Depression Defense: Sick Elderly Get Mood Aid from Home Treatment

By Bower, B. | Science News, August 18, 2007 | Go to article overview

Depression Defense: Sick Elderly Get Mood Aid from Home Treatment


Bower, B., Science News


Brief instructional sessions delivered by a nurse or psychologist show promise as a way to prevent depression in elderly people with serious health problems, at least in the short run.

As the U.S. population ages, such treatment--which focuses on finding ways for people to continue daily activities and achieve goals despite physical ailments--will attract increasing interest, say psychiatrist Barry W. Rovner of Jefferson Hospital for Neuroscienee in Philadelphia and his colleagues.

Rovner's group studied 206 patients, all in their 70s or 80s, with preexisting macular degeneration in one eye and newly diagnosed macular degeneration in the other eye, an indicator of impending blindness.

Macular degeneration, characterized by deterioration of part of the retina, affects nearly 10 million people. It's the most common cause of legal blindness in the United States.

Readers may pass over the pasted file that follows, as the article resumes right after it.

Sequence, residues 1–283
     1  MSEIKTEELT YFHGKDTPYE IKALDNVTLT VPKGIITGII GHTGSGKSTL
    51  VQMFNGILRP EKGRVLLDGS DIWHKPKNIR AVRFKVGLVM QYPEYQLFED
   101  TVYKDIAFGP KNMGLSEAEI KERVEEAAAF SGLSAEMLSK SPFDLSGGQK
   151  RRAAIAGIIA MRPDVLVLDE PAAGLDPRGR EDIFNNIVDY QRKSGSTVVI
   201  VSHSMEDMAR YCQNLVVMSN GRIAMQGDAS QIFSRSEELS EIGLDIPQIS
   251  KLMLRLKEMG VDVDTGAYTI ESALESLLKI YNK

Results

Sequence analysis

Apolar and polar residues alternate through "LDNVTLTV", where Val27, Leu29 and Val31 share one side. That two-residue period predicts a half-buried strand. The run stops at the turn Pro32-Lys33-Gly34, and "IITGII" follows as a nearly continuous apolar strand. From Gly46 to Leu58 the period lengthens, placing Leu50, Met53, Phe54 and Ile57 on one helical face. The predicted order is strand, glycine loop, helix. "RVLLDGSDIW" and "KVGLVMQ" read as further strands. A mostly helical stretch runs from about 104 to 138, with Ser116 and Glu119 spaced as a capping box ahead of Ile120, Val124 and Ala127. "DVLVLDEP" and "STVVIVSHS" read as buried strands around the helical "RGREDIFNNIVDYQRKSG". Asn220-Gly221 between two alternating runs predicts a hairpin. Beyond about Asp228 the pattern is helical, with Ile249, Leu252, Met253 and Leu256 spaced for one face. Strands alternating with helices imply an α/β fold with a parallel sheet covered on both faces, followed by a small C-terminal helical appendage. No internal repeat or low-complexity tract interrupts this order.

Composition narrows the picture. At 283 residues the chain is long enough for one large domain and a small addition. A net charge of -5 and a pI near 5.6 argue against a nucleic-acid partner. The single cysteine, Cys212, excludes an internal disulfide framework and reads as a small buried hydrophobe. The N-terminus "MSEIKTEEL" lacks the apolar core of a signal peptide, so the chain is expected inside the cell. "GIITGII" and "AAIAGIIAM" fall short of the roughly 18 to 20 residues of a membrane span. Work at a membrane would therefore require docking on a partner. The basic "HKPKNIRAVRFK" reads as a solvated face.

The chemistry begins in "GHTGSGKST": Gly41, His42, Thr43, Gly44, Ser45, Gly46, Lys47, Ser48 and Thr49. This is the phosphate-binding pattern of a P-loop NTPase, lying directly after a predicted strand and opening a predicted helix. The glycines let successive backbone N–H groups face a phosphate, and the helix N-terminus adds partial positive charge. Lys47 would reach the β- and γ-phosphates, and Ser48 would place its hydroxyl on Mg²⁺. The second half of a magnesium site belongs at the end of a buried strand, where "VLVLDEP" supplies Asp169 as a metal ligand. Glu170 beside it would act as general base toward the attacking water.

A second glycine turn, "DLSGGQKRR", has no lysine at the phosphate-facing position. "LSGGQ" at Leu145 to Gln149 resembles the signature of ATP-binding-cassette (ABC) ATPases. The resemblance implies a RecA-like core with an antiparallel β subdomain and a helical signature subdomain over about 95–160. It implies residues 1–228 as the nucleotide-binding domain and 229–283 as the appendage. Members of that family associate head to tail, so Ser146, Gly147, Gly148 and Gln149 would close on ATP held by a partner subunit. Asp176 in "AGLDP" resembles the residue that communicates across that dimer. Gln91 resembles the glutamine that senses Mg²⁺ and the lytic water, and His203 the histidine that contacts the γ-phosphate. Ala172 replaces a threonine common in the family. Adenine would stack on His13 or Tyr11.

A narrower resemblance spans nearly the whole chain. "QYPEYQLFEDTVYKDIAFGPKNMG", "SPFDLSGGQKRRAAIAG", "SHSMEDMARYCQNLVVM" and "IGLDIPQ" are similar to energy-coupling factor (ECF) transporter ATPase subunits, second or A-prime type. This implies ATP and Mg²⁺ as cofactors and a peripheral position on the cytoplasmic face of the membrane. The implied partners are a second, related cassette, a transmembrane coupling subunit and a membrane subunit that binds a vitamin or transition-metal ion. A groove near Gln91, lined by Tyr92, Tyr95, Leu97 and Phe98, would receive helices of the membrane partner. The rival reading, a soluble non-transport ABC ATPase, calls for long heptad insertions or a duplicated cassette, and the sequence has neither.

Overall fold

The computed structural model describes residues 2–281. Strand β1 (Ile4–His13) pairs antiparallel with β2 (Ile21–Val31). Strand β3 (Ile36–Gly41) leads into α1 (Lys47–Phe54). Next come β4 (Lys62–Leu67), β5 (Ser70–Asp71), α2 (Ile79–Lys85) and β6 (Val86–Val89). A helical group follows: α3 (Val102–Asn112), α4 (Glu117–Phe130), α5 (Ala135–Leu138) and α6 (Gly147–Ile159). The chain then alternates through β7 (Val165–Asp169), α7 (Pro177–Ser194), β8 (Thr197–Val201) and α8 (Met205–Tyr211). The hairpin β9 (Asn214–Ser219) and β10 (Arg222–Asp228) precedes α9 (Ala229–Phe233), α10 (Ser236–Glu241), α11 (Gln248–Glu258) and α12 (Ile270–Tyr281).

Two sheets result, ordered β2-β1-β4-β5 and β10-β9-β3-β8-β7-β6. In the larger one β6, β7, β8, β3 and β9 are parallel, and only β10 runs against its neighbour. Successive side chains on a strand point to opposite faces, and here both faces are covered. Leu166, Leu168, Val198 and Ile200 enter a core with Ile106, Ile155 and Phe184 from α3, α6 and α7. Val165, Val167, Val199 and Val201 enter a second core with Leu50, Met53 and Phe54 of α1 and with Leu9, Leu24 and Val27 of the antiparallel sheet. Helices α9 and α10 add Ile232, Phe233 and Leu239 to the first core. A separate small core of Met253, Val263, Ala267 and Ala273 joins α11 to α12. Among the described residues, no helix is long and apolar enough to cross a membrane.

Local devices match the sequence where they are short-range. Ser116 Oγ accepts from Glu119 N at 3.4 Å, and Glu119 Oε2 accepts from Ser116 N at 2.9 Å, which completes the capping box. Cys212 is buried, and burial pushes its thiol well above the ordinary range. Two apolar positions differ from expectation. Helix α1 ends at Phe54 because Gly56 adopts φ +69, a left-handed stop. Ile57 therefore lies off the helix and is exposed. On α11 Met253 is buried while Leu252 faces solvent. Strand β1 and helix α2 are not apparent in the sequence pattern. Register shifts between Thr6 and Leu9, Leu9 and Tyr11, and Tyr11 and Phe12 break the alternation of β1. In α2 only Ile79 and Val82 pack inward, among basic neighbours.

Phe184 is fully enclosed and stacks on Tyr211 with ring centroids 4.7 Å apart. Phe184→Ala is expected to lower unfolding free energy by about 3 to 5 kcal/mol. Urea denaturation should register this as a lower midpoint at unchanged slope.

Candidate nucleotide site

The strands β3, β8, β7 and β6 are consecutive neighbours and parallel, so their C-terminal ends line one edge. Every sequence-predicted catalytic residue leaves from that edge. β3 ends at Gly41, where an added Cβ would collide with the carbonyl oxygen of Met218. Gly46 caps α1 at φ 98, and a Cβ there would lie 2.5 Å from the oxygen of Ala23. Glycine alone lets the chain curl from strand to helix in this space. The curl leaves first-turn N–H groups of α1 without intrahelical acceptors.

In a prior study, Rovner and his co-workers found that almost 30 percent of patients with macular degeneration in one eye became depressed soon after their other eye became affected.

In the new investigation, participants randomly received either sessions known as problem-solving treatment or standard follow-up medical care. In the former plan, a nurse or a psychologist visited volunteers' homes six times over 8 weeks to tailor an approach for patients to cope with blindness.

Two months after the study began, 12 percent of patients receiving problem-solving treatment were depressed, compared with 23 percent of those getting standard care. Markedly fewer patients in the problem-solving group than in the standard-care group had given up activities that they valued, such as visiting friends. …

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